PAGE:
I guess the first year will show how successful this design is but I am sure it will be better than the 4 timber pallets that barely lasted a year!
Lets hope the cane toads find Sydney too cold to venture down to......
Logged
Better.to.Bee.than.not
House Bee
**
Offline Offline

Posts: 465

Location: S-E Michigan


« Reply #7 on: July 03, 2013, 04:25:16 AM »

you could use something to block the rain from washing into the oil pit probably. otherwise not bad, hope it works out well for you.
Logged
Lone
Queen Bee
****
Offline Offline

Gender: Female
Posts: 1053


Location: North Queensland


« Reply #8 on: July 03, 2013, 09:41:53 AM »

By the way,(on a different topic) stay on topic the fellas used half sized blocks with concrete up to about the same level to keep the new extractor up at the right height to fit the 20 litre drum under, and which also can be filled with an ant barrier in case we leave the extractor for a while for smoko or something like that. It's real stable. It sounds like you think of the same things.

Quote
Lets hope the cane toads find Sydney too cold to venture down to......

 I seem to recall it was you lot had the 47 degree day not too long back.

Quote
you could use something to block the rain from washing into the oil pit probably. otherwise not bad, hope it works out well for you.

We tend to put covers over the front oil cans because there are always a lot of dead bees in there.  Maybe someone can answer this, whether it's bees who go there to die at the end of their days, or if it's more likely they veer too close and accidently drown?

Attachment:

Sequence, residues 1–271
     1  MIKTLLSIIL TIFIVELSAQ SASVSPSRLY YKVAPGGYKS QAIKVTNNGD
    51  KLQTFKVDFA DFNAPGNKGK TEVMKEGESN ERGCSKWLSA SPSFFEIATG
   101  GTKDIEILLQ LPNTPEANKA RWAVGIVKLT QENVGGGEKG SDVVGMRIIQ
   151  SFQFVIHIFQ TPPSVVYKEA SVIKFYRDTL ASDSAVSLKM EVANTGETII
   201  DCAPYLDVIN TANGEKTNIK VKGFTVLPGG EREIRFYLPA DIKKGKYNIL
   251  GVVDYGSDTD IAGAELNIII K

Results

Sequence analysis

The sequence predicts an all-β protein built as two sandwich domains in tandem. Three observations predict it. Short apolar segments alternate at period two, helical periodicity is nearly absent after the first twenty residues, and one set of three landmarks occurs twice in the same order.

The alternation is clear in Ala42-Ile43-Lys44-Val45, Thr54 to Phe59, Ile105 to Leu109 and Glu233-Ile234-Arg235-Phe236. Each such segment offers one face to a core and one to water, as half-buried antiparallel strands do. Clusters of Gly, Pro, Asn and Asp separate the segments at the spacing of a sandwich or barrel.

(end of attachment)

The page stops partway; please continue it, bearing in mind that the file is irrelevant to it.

Lone
Logged
Inquorate
New Bee
*
Offline Offline

Gender: Male
Posts: 20

Location: Sydney, Australia

Beeginner


« Reply #9 on: September 28, 2013, 06:29:21 PM »

A good clue would be the state of their wings; frayed means they were on their last days.
Logged

"People who say it cannot be done should not interrupt those who are doing it." - George Bernard Shaw
sawdstmakr
Super Bee
*****
Offline Offline

Gender: Male
Posts: 2625


Location: Jacksonville FL


« Reply #10 on: September 29, 2013, 12:27:00 AM »

Usually it is bees bearding , especially at night.
Jim
Logged
Meadlover
House Bee
**
Offline Offline

Gender: Male
Posts: 216

Location: Gold Coast Hinterland, QLD, Australia


« Reply #11 on: December 01, 2013, 05:56:57 PM »

Very nice design. Great work.

I agree with other comments to cover the oil to prevent the oil washing out during heavy rain.
Another option would be to smear grease on the legs - it stands up better to rain and wont wash off as easy.
Logged
Lone
Queen Bee
****
Offline Offline

Gender: Female
Posts: 1053


Location: North Queensland


« Reply #12 on: December 01, 2013, 09:20:40 PM »

I just bought a tube of Tree Tanglefoot from Green Harvest for my stingless bee hive.  It stays on longer than grease or vaseline, and doesn't get runny on a hot day.
Logged
ozebee
House Bee
**
Offline Offline

Gender: Male
Posts: 105

Location: Sydney, Australia


« Reply #13 on: December 01, 2013, 09:22:12 PM »

Good idea about the grease!!  I have found that the oil disappears too quickly - either rain or actually seeps through the cement blocks. Probably they  need to be sealed properly.
Logged
Pages: [1]   Go Up
  Print  
 
Jump to:  

Beemaster's Beekeeping Ring
Previous | Home | Join | Random | Next
Powered by MySQL Powered by PHP Powered by SMF 1.1.19 | SMF © 2013, Simple Machines | Sitemap Valid XHTML 1.0! Valid CSS!
Page created in 0.266 seconds with 22 queries.

Google visited last this page July 27, 2014, 07:10:33 AM